1. Creating functional groups of yachts travelling a similar route or exploring a similar region at the same time.

2. Making changes to the General DSC scan frequencies pre-programmed into ICOM's M802 and 801 radios. The standard settings are based on a shore station orientation, but the reality is these are not the principle source of regular advice, information or nearby assistance. This adaptation - which I learnt is co-incidentally advised/practiced by both Terry Sparks (Made Simple for Cruisers) in the USA and Bob Smith(Yachtcom) in the UK - extends the range of vessel-to-vessel DSC calling. See these links:

http://www.made-simplefor-cruisers.c...20Cruisers.pdf AND

http://www.made-simplefor-cruisers.c...requencies.pdf

3. Arrange for all yachts in the support group to maintain a 24/7 (silent) DSC watch on their radios, whether in an anchorage, day hopping or on ocean passages.

4. Set up a unique DSC group-call MMSI ID for the group. (The ICOM radios can hold many different IDs). Here is the information from Terry Sparks:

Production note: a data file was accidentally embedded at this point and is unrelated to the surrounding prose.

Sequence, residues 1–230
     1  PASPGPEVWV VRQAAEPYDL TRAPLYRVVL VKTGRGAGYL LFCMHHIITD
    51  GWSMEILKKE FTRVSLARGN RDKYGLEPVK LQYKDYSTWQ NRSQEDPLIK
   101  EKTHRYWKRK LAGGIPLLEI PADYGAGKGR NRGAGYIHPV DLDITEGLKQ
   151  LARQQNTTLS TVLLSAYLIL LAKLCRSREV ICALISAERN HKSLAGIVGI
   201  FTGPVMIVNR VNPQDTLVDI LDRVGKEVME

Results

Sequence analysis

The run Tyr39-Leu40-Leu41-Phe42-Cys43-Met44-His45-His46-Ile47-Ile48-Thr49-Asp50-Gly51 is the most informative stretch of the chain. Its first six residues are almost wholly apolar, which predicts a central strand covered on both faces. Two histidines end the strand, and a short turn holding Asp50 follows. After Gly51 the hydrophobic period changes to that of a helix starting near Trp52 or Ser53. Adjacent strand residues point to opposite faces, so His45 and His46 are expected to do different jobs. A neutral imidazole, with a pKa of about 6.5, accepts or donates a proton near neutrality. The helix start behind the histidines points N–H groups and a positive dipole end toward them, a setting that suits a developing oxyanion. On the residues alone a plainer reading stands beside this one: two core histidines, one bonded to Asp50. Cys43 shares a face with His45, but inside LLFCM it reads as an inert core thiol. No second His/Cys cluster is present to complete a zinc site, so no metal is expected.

“With all the boats maintaining a DSC watch, this would allow the group members to immediately contact all others in a less than distress mode. I use this in Mexico with friends, but it also seems perfect for racers and rallies.

If you have not set up a group before, everyone just needs to create a group with the same MMSI number. The number must be unique and the easiest way to establish one is to take a real MMSI number, put a zero in front and move the other numbers right one place. e.g. My MMSI is 366820740. The group I use in Mexico is 036682074.”

These techniques will help address the realities of S&R support services on this side, by creating convenient and immediate communication between short or long-term functional support groups of yachts.

It also makes it much easier to follow MRCC Australia's advice to first make contact with nearby vessels in an emergency.

Cruising yacht crews have a lot of knowledge and resourcefullness. They can help each other with timely information, parts or a tow, that can make cruising more relaxed and prevent a problem becoming an incident that involves rescuing people.

I hope this is helpful.

Allan
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Old 22-04-2014, 15:25   #155
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Re: SSB or SatPhone ?

WOW, lovely meaty post , my favourite


Quote:
Originally Posted by ka4wja View Post
Dave,
I freely admit to not keeping up-to-date on all things GMDSS, nor any/all ITU and/or EU changes to their requirements, and especially any European radio acceptance specifics....
So, please feel free to correct any of my inaccuracies...